When properly understood, election teaches us not just about how great God is, but how good he is: “God’s love is the fountainhead of the gospel. God’s Son did not come into the world to persuade the Father to love or to win His love for us; He came as the gift of the Father’s love to us.” He is a sovereign God, and yet also a saving God. Some people might tend to pit John’s “God is love” (1 John 4:16) against Paul’s predestination. But they go hand in hand. If God were not love, we would be lost. Yet while we were still sinners, God loved us—God chose us.
A hurdle many Christians cannot seem to get over is accepting and embracing the doctrine of election, or predestination. By nature, we don’t like the fact that God is the one who does the choosing. We want to be the masters of our fate and the captains of our soul. Yet Paul seems to make the case very clearly in Ephesians 1:
Blessed be the God and Father of our Lord Jesus Christ, who has blessed us in Christ with every spiritual blessing in the heavenly places,even as he chose us in himbefore the foundation of the world, that we should be holy and blameless before him. In lovehe predestined usfor adoption to himself as sons through Jesus Christ.” (Eph. 1:3–5; emphasis added)
What brings Paul to doxology is distasteful to many. R.C. Sproul accurately describes the feeling of most people towards the concept:
The very word predestination has an ominous ring to it. It is linked to the despairing notion of fatalism and somehow suggests that within its pale we are reduced to meaningless puppets. The word conjures up visions of a diabolical deity who plays capricious games with our lives.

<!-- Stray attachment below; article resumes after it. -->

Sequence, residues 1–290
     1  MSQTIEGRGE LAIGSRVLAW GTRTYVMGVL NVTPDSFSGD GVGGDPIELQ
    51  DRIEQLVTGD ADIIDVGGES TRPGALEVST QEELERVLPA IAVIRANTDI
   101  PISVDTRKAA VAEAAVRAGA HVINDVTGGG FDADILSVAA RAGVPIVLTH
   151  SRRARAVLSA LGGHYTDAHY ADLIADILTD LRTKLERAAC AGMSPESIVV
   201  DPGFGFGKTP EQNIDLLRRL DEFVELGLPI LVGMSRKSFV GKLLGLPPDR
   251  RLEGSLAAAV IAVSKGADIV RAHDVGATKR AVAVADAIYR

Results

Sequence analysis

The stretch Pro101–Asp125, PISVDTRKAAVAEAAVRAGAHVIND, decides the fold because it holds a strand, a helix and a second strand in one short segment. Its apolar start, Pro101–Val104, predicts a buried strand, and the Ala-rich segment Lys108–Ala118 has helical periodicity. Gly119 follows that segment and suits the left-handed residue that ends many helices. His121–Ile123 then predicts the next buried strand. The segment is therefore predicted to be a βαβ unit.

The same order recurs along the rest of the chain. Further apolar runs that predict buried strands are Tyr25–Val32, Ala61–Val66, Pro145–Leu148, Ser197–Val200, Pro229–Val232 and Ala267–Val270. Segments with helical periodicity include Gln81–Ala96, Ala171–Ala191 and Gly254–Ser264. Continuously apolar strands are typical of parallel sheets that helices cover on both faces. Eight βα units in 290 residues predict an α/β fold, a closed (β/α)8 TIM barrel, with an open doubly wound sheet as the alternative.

Yes, this is a hard truth to come to terms with, but such a fatalistic view tragically eclipses the beauty of God’s work for undeserving and incapable sinners like you and me. To help us grapple with and grow to love this essential aspect of the gospel, consider the following three points about election.
1. Election is a biblical doctrine.
First, the doctrine is biblical. This should seem evident enough, as it is clearly spelled out in the section of Ephesians 1 quoted earlier. Nor is this the only place we run up against the concept in Scripture. Just a few verses later on Paul will say—even more bluntly—that we have been “predestined according to the purpose of him who works all things according to the counsel of his will” (Eph. 1:11). In Romans 8:29-30 we read,
For whom he foreknew, he also predestined to be conformed to the image of His Son, that he might be the firstborn among many brethren. Moreover whom he predestined, these he also called; whom he called, these he also justified; and whom he justified, these he also glorified.”
These are places in which these theological terms are used explicitly, but if we broaden our radar to also pick up allusions to and themes of choosing, predetermining, and electing, the list gets longer.
There are some out there who have a false notion of predestination and election, namely, that it was the invention of some ancient French madman named John Calvin. No doubt, Calvin would mourn the fact that history has dubbed this doctrine “Calvinism,” as though it somehow belonged more to him than to God.
Others who are more informed would recognize that the idea of election is not strictly Calvinist and is in fact a scriptural concept. Indeed, Catholics, Lutherans, Methodists, and so-called Calvinists all hold to different nuances of predestination.